HAND & WRIST CONDITIONS
The wrist is made up of eight small bones called carpals. The carpal bones are arranged in 2 interrelated rows. One row connects with the ends of the bones in the forearm-radius and ulna. The other row of carpal bones connects with the bones of the palm of the hand. The synovial joints between the carpal bones and the wrist are covered with articular cartilage that facilitates movement.
These bones are held together by ligaments, which are tough bands of fibrous tissue. Six major ligaments give stability to the wrist by joining the radius to the carpal bones and binding the 2 rows of carpal bones together. These ligaments join with others to link the wrist to the hand.
The muscles in the forearm and palm, called thenar muscles, help keep the wrist and hand moving, stable, and aligned. They are joined to the bones by tendons, which are white, flexible fibrous cords. When the muscles contract, they pull on the tendons to move the bone. The tendons that run down our fingers are held in place by a series of ligaments called pulleys that cross over the tendons forming a tunnel-like sheath. In healthy joints, these tendons glide easily through the tunnel.
- Osteopathic Manipulative Medicine focuses on improving joint restriction and misalignment. It improves blood flow to nourish tissue and reduce inflammation, reducing joint pain. It also helps to reduce strain on surrounding body tissue that causes further pain and structural dysfunction.
- Platelet Rich Plasma Therapy (PRP), promotes and accelerates the natural healing process of soft tissue injuries and osteoarthritis by stimulating the release of adult stem cells that already exist in tissue. A concentrated solution of the patient's blood platelets containing healing cells called alpha-granules and plasma is injected into damaged tissue resulting in new cell growth and increased blood flow.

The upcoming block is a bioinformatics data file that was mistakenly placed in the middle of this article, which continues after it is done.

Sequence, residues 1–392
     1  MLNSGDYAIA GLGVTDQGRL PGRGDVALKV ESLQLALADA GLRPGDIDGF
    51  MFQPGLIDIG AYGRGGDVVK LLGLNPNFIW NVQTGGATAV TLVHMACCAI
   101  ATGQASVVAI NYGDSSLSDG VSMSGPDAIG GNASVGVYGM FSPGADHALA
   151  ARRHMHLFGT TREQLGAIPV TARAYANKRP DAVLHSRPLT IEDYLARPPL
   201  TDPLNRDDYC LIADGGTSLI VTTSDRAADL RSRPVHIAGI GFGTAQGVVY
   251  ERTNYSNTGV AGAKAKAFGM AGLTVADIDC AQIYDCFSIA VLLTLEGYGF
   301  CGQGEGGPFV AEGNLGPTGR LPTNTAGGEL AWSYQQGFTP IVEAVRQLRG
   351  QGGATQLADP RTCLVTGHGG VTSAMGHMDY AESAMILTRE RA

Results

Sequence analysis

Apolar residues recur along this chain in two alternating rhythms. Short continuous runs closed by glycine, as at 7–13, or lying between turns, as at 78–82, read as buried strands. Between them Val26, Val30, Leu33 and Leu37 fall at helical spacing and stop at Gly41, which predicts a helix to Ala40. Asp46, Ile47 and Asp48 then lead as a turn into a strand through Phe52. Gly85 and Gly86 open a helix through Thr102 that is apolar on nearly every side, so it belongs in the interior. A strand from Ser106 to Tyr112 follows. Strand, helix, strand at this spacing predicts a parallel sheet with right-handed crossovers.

- Dextrose Prolotherapy accelerates the healing process through the injection of a solution that includes dextrose. The dextrose acts as an irritant, deliberately causing inflammation. The controlled, localized inflammation triggers a healing cascade, resulting in the deposition of new collagen, the natural material of ligaments and tendons, onto the damaged tissue.
Common hand and wrist conditions include.
Carpal tunnel syndrome: Repetitive motion can damage the transverse carpal ligaments supporting the tunnel containing the tendons and nerves. It is generally characterized by numbness or pain in the thumb and first 2 fingers and occurs when the median nerve is compressed at the wrist. Carpal tunnel syndrome is often a common complaint in individuals who use their hands for prolonged periods of time in a particular occupation such as computer work.
Sprains and strains: Sprains and strains are the 2 most common types of injuries affecting the hand and wrist. A sprain refers to an injury to a ligament and a strain refers to a muscle injury. Sprains and strains occur due to excessive force applied during a stretching, twisting, or thrusting action.
Ligamentous injuries: Ligaments are tissues that connect bones to other bones. They are made up of several fibers and one or all of the fibers may be involved. A ligament injury may cause pain and swelling and limit the movement of hand and wrist joints.
Other common hand and wrist conditions include:
- Muscle tear
- De Quervain's Tenosynovitis
- Trigger finger
- Jammed finger
For more information on treatments for hand and wrist conditions please visit Our Services page.